There's continued tension at the Turkish-Syrian border. Ankara is threatening military retaliation should Syria keep sending shells across the border. Experts don't expect a war - but also can't rule it out.
The Turkish military didn't wait long. When Syrian shells hit Turkish territory in mid-October, Ankara replied in kind. Turkish Prime Minister Recep Tayyip Erdogan warned that whoever wanted to test his country's readiness to defend itself was making a deadly mistake.
His chief of staff Necdet Özel threatened with massive retaliation. The parliament in Ankara gave the government the green light for a possible invasion of Syria, while the tensions caused international concern about a potential fully-fledged war between the countries. Experts see no immediate danger of war, but can't rule out the possibility either.
A further escalation is unlikely though, believes Michael Brzoska, expert on security policy and peace studies at Hamburg University. "I don't see any interest in Turkey in being drawn into an internal Syrian conflict," he told Deutsche Welle.
Andre Bank, Syria expert at Hamburg's German Institute of Global and Area Studies (GIGA), does not expect the current occasional skirmishes to escalate into war either, as Erdogan must take into account that a majority of his political supporters are against intervention.
A volatile border
But the situation at the border is complicated. It is still unclear who exactly is firing from the Syrian side. It's also impossible to say whether the firing is intentional or accidental. But a major strike on a Turkish school or hospital with several casualties, for instance, would force politicians and military leaders in Ankara to react. "This can only happen if the level of violence reaches another level," Bank said. Then the Kurdish rebels, the PKK, or the Syrian army would be likely to retaliate in turn.
Relations between the two neighbors have continually worsened since the beginning of the Syrian civil war. Erdogan has called Syrian President Bashar Assad a dictator with blood on his hands. Syrian troops already fired across the border at a refugee camp in the Turkish province Kilis in April, injuring several people. Two months later, the Syrian army shot down a Turkish military plane, and both pilots lost their lives. Turkey, a NATO member, then began moving troops and military equipment to its southern border, while Turkish fighter jets force back Syrian helicopters when they come too close to the border.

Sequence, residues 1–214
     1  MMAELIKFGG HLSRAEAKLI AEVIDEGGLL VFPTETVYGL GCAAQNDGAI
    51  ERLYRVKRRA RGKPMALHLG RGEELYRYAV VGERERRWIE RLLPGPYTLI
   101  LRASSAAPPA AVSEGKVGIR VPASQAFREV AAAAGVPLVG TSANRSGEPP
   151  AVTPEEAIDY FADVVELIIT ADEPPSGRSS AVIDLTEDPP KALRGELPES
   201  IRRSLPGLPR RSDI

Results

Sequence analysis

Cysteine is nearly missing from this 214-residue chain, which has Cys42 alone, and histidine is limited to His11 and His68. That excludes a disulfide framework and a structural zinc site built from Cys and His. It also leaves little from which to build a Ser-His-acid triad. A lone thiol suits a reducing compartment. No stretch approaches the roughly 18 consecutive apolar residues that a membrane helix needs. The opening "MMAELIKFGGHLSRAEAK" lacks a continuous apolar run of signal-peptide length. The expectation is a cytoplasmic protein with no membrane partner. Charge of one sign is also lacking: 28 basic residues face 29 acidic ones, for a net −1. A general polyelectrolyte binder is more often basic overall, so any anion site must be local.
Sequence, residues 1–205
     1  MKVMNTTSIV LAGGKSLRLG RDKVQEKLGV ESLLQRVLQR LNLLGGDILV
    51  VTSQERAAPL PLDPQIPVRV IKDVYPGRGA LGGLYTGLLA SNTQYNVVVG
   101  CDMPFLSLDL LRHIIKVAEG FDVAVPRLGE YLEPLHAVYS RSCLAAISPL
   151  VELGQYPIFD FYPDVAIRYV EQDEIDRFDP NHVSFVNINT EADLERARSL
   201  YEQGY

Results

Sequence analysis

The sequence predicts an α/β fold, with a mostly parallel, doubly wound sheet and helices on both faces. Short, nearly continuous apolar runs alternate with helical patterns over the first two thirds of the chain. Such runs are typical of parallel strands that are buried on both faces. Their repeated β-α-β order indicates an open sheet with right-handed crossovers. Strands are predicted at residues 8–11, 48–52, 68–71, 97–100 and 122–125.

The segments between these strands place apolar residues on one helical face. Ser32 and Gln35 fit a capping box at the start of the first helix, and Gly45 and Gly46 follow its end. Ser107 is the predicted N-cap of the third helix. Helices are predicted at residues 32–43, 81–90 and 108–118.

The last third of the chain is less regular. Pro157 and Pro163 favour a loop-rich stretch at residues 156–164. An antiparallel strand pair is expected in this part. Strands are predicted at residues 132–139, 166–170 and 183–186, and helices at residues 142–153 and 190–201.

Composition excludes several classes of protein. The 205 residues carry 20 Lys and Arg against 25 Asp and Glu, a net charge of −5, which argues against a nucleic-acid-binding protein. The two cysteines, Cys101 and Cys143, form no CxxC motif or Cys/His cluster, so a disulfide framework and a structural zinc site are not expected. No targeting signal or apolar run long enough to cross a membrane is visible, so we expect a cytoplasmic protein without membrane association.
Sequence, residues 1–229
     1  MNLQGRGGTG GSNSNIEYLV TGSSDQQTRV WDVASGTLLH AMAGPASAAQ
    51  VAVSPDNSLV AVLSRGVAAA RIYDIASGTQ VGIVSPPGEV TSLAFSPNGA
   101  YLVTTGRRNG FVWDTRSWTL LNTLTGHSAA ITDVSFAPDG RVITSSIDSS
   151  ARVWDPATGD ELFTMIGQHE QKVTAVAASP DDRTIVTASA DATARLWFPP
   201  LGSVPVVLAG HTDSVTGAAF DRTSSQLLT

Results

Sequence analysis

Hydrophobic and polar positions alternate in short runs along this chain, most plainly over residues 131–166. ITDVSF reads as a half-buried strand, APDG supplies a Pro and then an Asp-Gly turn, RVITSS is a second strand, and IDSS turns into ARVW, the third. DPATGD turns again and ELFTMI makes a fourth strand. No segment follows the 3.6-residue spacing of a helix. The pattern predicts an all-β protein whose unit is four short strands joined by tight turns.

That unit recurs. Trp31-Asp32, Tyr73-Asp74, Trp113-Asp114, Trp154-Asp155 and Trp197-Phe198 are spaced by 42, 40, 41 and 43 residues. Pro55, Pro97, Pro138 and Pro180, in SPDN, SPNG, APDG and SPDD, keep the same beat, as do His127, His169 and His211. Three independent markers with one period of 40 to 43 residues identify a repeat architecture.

The conflict reached its worst point so far on October 3. During a fight between Syrian rebels and Assad's army, several mortars hit a Turkish border village, killing five Turkish citizens. The Turkish artillery responded, and since then there have been several artillery exchanges between the two sides. Both countries have closed their airspace to each other – a move that came in response to Ankara forcing down a Syrian civilian machine, which Turkey claimed had military equipment on board.
Backing for the Syrian rebels
Turkey has been deeply implicated in the Syrian civil war from the outset. Around 100,000 refugees have fled to Turkey during the conflict. The Free Syrian Army organizes its campaign with the help of massive backing from Ankara. The Erdogan government also wants to increase its influence in the Middle East. "The Turkish model is seen as an example by many Arab opposition movements," said Bank. But this role could change, depending on how Ankara's relationship with Syria develops. Should Turkey intervene, "it might be seen as yet another colonial power."
There are many regional players indirectly involved in the conflict. Saudi Arabia and Qatar support the fragmented Syrian opposition, along with Turkey. The government in Damascus can count on support from Iran. As direct neighbors, Jordan and Lebanon are both very much affected by events. Some of those countries would benefit from a military intervention by Turkey, Brzoska explained. The Free Syrian Army would welcome an intervention the most. "But this would not be without complications for the Free Syrian Army either, as they'd have to deal with Ankara differently after a Turkish victory."
The Kurdish role in the conflict is difficult to assess. In Syria's north, the Kurdish "Democratic Union Party" (PYD) is considered the sister party to Turkey's PKK, which in recent months has intensified its attacks on Turkish security forces. The PKK now seems to operate from Syrian territory too, while Assad's troops have almost entirely withdrawn from the Kurdish part of Syria. Aside from the PYD, other Kurdish groups are seeking help from Ankara as part of the Syrian opposition.
Neither Bank nor Brzoska espcect an end to the tensions along the border any time soon, though everything depends on the future course of the civil war. As long as there remains a military stalemate between the government in Damascus and the rebels, the danger remains that the situation will escalate.